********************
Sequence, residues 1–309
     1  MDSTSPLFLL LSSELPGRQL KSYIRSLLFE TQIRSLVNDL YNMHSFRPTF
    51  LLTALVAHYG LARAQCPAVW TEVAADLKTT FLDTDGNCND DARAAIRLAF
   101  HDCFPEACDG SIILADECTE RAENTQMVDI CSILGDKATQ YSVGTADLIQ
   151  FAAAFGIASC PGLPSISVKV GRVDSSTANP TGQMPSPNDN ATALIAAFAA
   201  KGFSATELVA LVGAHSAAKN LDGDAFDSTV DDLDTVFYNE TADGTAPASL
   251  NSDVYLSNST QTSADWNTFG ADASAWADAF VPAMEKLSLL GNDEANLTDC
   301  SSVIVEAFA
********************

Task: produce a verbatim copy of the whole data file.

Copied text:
Sequence, residues 1–309
     1  MDSTSPLFLL LSSELPGRQL KSYIRSLLFE TQIRSLVNDL YNMHSFRPTF
    51  LLTALVAHYG LARAQCPAVW TEVAADLKTT FLDTDGNCND DARAAIRLAF
   101  HDCFPEACDG SIILADECTE RAENTQMVDI CSILGDKATQ YSVGTADLIQ
   151  FAAAFGIASC PGLPSISVKV GRVDSSTANP TGQMPSPNDN ATALIAAFAA
   201  KGFSATELVA LVGAHSAAKN LDGDAFDSTV DDLDTVFYNE TADGTAPASL
   251  NSDVYLSNST QTSADWNTFG ADASAWADAF VPAMEKLSLL GNDEANLTDC
   301  SSVIVEAFA